Where, oh where, had “Mad Marvin” Rettenmaier gone, anyway? In 2014, he’d earned just $342,272 on the tournament circuit, which dropped down to $210,221 in 2015, his lowest total in six years. With no major wins during that timeframe, Rettenmaier’s $2.5 million year back in 2012 seemed but a distant memory.
Well, that all changed on Tuesday this week, when he topped a field of 105 entrants to win the Seminole Hard Rock Poker Open (SHRPO) $25,000 High Roller for a juicy $787,497. It was his second-largest cash ever, and confirmation that his “downswing” was indeed over.
“I ran incredibly well in 2011 and 2012,” Rettenmaier told CardsChat. “But then it was the complete opposite side of variance last year. It got really bad. It gets pretty depressing when you go all in and just think you’re going to lose. It’s very sad, but playing poker, you’ve just got to get over that, play the best you can, and get it in good.”
The German now splits his time between London, and the luxury resort town of Playa del Carmen on Mexico’s Yucatán Peninsula. And he certainly played well in the High Roller, which was live streamed across the world as part of the SHRPO’s American Poker Award-nominated The Big Four.
His impressive performance was bolstered by the fact that he came up against some stiff competition, including Rainer Kempe (7th/$102,375), Nick Petrangelo (4th/$190,313), Ray Qartomy (3rd/$291,375), and the always-daunting Dan Colman (2nd/$485,625).
Game Plan for Short-Stacked Play
After 18 hours of play on Day One, which included an excruciatingly long lead up to the bubble, the remaining nine players returned to the final table rather short-stacked. Rettenmaier knew that there was bound to be action right away, so his plan was to sit back, watch, and wait.
“I played relatively passive in the beginning of the final table because there were some short stacks,” he said. “Other people were going quite wild. I started with 17 big blinds and the average was 23 BBs. The ante was one big blind. I was like six out of nine players.”
Rettenmaier sat patiently as Qartomy, the chip leader at the start, ran over the final table, though that changed when it got down to the last three players.
“The thing is Dan and Ray were even at one point, and I had like half [the amount of chips] as [they did]. Dan was controlling the pots, but Ray wasn’t. Dan wasn’t going to back down, so I thought there was a very good chance they would get in their 40 blinds at one point, so I was very passive and folded some hands I normally wouldn’t preflop. That’s when I got aces when he had kings.”
By that time, Qartomy had come back to Earth, and after the chips were counted down, it turned out that Rettenmaier had the bigger stack to eliminate the long-time chip leader.
Defeating One of the Best, Heads-Up
The Colman-Rettenmaier heads-up match proved to be a lengthy affair. Neither player wanted to chop, so they battled it out, like two gladiators of old in an arena. Colman played from behind most of the time, but he gave Rettenmaier plenty of competition. In the end, Colman got it all in with the best hand, but Rettenmaier flopped a diamond flush to clinch the title.
“Coming out on top in the end is very nice,” Rettenmaier told us. “I ran really well at the final table.”
Interestingly, Rettenmaier was more than willing to speak to the media after the win, something the media-adverse Colman likely wouldn’t have done.
If you recall, Dan infamously refused to speak to the press after winning the $1 million Big One for One Drop in 2014, a year in which he won an unprecedented $22,389,481.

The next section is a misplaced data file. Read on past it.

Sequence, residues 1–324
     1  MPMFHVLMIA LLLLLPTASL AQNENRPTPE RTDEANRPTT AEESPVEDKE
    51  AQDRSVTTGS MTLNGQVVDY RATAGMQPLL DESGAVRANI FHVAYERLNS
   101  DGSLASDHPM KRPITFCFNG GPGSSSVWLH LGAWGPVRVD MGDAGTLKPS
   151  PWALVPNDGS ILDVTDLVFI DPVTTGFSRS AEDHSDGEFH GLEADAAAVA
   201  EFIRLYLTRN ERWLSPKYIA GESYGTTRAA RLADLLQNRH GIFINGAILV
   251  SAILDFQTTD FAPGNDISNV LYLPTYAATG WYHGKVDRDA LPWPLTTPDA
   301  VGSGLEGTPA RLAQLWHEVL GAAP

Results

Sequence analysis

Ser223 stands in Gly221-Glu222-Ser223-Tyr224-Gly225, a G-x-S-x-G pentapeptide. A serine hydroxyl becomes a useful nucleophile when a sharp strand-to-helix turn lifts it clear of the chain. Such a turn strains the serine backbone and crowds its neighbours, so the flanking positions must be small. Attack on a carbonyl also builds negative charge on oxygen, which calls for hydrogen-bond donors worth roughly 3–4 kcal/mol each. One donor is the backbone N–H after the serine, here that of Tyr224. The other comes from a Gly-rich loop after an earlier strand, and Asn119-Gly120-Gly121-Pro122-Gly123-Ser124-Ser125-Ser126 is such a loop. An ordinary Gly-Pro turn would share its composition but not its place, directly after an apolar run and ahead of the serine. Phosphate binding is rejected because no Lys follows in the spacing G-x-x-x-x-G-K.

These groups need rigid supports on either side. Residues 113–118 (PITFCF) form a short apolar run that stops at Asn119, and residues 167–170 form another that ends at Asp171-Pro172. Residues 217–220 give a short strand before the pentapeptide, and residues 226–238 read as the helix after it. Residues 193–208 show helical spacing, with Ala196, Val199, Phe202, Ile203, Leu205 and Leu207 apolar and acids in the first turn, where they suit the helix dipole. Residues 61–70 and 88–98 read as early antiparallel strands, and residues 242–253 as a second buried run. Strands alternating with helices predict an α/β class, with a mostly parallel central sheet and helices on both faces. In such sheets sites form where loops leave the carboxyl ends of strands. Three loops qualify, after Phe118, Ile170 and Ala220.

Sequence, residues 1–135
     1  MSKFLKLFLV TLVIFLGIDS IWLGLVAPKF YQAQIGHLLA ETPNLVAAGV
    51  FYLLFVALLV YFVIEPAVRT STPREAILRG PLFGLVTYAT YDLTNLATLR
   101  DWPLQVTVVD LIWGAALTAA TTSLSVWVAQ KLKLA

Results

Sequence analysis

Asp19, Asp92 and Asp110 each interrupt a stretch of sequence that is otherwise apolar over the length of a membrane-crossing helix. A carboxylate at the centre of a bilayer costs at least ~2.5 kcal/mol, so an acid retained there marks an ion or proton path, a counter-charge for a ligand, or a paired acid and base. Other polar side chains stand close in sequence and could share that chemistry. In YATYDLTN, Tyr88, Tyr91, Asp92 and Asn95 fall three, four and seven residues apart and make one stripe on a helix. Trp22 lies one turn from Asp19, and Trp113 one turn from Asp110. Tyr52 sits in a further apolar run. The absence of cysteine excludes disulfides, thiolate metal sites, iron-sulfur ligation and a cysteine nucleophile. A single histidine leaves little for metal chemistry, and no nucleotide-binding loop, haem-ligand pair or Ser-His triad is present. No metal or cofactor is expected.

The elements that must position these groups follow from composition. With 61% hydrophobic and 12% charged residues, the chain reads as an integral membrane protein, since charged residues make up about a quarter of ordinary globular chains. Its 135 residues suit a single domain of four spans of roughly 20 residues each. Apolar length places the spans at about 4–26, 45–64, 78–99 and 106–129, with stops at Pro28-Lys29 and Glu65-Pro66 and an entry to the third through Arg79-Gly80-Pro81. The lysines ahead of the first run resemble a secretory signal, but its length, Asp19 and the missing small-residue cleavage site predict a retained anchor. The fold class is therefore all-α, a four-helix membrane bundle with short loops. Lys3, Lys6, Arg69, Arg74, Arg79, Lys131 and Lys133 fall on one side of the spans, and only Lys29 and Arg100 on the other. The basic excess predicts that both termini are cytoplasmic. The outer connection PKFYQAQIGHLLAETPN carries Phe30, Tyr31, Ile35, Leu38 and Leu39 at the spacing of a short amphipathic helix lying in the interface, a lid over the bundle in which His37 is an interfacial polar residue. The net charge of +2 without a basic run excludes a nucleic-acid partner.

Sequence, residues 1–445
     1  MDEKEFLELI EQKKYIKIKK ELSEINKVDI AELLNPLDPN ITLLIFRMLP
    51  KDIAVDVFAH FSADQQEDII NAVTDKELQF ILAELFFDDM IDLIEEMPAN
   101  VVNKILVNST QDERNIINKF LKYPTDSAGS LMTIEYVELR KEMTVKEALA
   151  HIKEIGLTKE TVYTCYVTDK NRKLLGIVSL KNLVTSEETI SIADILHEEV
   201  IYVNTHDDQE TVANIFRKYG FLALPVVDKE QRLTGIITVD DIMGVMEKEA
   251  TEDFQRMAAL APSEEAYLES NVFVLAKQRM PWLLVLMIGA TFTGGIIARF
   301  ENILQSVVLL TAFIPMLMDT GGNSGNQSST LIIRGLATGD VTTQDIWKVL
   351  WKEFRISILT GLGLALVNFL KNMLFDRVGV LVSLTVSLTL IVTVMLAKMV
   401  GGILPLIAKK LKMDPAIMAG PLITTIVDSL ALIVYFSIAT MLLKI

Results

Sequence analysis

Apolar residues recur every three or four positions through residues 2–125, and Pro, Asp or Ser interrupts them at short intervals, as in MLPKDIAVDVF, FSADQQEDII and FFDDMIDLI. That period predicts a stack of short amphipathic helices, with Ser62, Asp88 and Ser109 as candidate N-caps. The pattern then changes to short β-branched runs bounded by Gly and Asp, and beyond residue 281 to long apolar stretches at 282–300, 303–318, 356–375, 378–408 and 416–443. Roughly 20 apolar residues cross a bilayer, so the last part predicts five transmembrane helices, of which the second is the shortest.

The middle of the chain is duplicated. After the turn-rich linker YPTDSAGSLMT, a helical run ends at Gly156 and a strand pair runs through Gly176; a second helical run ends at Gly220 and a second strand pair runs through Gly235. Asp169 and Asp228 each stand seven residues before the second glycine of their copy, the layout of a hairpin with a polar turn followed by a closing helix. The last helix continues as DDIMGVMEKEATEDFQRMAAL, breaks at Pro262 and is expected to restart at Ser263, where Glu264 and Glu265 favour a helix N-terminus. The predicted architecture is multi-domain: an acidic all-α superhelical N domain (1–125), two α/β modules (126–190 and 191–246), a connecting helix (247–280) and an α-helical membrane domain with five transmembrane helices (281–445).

“I think it’s good for poker in general,” Rettenmaier says of embracing the spotlight. “I like poker interviews, media, and coverage. I’m happy to do these interviews.”
Mad Marvin’s Party Plan
Amusingly, Rettenmaier was spotted in the green room during a break searching for flights. When pressed about it, he admitted he was looking for a flight home that evening. Mind you, this is when there were still five players remaining in the tournament.
“I thought there would be a 10 p.m. flight or something, because of the time zone difference and the flight is only 90 minutes [to Playa del Carmen], so I thought why not,” Rettenmaier said with a laugh. “I wanted to go out there tonight, but I guess I’m going to stick around here and go out with [tournament director] Matt Savage.
“If Matt hadn’t given me a good room rate, I probably wouldn’t have come to SHRPO. Well, I probably would have, but it did make a difference,” Marvin noted.
SHRPO Makes Its Mark
Since establishing itself as a major player in the tournament scene in 2013, the SHRPO has consistently attracted players from around the world. It’s impressive, considering it takes place less than a month after the annual World Series of Poker in Las Vegas.
“I think it’s a great property,” said Rettenmaier, when asked what keeps him coming back “The rooms are nice. I stayed here for the first time in a long time. I usually stay at Chance Kornuth’s place in Fort Lauderdale, but I didn’t decide until last week to come out and his extra room was occupied.
“The dealers are really good here. I don’t really see any mistakes, which is refreshing after the WSOP. There are a lot of good dealers out there and I understand it’s hard to bring that many top dealers together, but it was nice here when it was going really well and fast with no mistakes.”
One would think Rettenmaier would try to follow up his big win by trying for another, but that’s not the case.
“I don’t have any plans for this year for [live] poker,” the German pro, who is two weeks away from turning 30, told us. “Definitely no EPT Barcelona. I’m going to play some WCOOPs [online]. I might do Jacksonville. I’m going to stay in Playa until probably December, and then I’ll go back to Germany for Christmas to see my family and stay there for a month.”
“Gratuliere, Marvin.” Don’t ask us to pronounce that, but it means “congratulations” in the mother tongue.